Tectonic Controls of Foreland Basin Subsidence and Laramide Style Deformation, Western United States

  1. P. A. Allen and
  2. P. Homewood
  1. Timothy A. Cross

Published Online: 5 MAY 2009

DOI: 10.1002/9781444303810.ch1

Foreland Basins

Foreland Basins

How to Cite

Cross, T. A. (1986) Tectonic Controls of Foreland Basin Subsidence and Laramide Style Deformation, Western United States, in Foreland Basins (eds P. A. Allen and P. Homewood), Blackwell Publishing Ltd., Oxford, UK. doi: 10.1002/9781444303810.ch1

Author Information

  1. Department of Geology, Colorado School of Mines, Golden, CO 80401, USA

Publication History

  1. Published Online: 5 MAY 2009
  2. Published Print: 22 DEC 1986

ISBN Information

Print ISBN: 9780632017324

Online ISBN: 9781444303810

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Keywords:

  • Circum-Pacific and Western Americas;
  • tectonic controls of foreland basin subsidence and Laramide style deformation, western United States;
  • plate interactions from plate reconstructions;
  • plate interactions inferred from history of magmatism;
  • plate interactions inferred from subsidence in foreland;
  • Sevier and Laramide orogenies - late mesozoic and early cenozoic deformation in rocky mountains;
  • duration and geographical limits of Sevier;
  • Laramide structures

Summary

A variety of Late Mesozoic to Early Cenozoic tectonic events in the Rocky Mountains region are temporally and spatially coincident with inferred variations in kinematics of plate interactions and subduction geometries. This coincidence suggests that these disparate events are the products of a single causal mechanism. The following tectonic features are regarded as genetic expressions of variations in subduction modes and geometries: (1) the history of igneous activity in the western United States; (2) the contrasting styles and loci of deformation along the foreland fold and thrust belt (Sevier style) and the basement-cored uplifts (Laramide style) bordering the northern and eastern margins of the Colorado Plateau; (3) the development and maintenance of the Colorado Plateau as a relatively rigid tectonic block; (4) the timing and geometry of subsidence in the foreland basin; and (5) the disjunct history of subsidence and subsequent uplift of the Colorado–Wyoming region beyond the foreland basin.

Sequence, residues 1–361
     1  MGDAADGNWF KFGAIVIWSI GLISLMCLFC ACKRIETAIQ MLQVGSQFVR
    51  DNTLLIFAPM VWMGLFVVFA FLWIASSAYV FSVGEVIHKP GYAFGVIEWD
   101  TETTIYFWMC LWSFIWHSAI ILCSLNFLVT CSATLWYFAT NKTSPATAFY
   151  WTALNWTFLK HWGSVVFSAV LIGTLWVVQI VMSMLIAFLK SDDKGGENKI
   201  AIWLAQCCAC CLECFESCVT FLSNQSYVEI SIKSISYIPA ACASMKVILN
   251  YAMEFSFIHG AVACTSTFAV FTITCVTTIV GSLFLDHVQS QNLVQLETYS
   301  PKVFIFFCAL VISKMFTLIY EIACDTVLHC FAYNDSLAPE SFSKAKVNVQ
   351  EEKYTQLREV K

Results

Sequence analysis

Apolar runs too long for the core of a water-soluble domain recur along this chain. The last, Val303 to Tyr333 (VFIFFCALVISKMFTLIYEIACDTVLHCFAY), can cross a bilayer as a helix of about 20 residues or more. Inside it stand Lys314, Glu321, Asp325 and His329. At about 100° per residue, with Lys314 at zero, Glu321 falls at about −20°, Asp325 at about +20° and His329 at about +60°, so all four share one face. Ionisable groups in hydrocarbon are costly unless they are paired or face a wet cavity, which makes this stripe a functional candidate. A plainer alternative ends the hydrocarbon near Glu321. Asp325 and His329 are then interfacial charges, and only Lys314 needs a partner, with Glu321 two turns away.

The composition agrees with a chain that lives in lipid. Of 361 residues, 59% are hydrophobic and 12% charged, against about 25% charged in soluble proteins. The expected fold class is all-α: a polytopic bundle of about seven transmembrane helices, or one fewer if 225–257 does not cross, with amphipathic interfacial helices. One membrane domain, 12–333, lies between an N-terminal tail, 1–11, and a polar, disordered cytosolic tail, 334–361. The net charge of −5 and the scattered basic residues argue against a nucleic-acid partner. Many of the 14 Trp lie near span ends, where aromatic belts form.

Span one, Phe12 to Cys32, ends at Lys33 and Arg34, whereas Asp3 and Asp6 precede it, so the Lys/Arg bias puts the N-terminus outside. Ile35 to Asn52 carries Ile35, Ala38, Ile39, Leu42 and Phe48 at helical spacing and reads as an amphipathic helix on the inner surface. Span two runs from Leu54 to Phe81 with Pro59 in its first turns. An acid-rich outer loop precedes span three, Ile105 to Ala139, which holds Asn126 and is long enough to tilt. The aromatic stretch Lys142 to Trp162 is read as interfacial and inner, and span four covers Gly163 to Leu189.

During a period of normal subduction (from before 92 to about 80 Ma), thin-skinned décollement style deformation occurred along the Sevier fold and thrust belt opposite the convergent margin. Coeval subsidence of the foreland basin was confined to a relatively narrow zone to the east of the Sevier belt. This subsidence is attributed to lithospheric flexure induced by supracrustal loading of thrust plates and sediment. Geohistory analyses of strata along the axis of the foreland basin indicate that foreland basin subsidence began as early as 115 Ma, with a major episode of rapid subsidence initiated by about 90 Ma.

During an ensuring period of low-angle subduction, the Colorado Plateau was underpinned by subducted lithosphere and behaved as a mechanically rigid block, a consequence of the doubled lithospheric thickness. From about 80 to 67 Ma, rapid subsidence occurred over an anomalously broad region centred about Colorado and Wyoming. This episode of subsidence is attributed to sublithospheric loading and cooling induced by the shallowly subducted oceanic plate. To the north and south of the Colorado–Wyoming locus, foreland basin subsidence continued without interruption coincident with continued foreland folding and thrusting. Another effect of low-angle subduction was the transfer of deformation from the Sevier belt (termination about 75 Ma) to the eastern and northern margins of the Colorado Plateau, coincident with the position of greatest contrast in mechanical properties of the lithosphere. This initiated Laramide style basement-cored uplifts at about 69 Ma. Decoupling of subducted lithosphere from overlying lithosphere at about 50 Ma caused regional uplift and erosional stripping of the Colorado–Wyoming region, lithospheric flexure to the east, and sediment accumulation on the High Plains following a long period of non-deposition.